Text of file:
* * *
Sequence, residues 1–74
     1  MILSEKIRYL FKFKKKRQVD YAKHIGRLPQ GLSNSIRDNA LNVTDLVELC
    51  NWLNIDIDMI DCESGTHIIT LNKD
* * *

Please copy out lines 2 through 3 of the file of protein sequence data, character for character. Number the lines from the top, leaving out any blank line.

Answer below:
     1  MILSEKIRYL FKFKKKRQVD YAKHIGRLPQ GLSNSIRDNA LNVTDLVELC
    51  NWLNIDIDMI DCESGTHIIT LNKD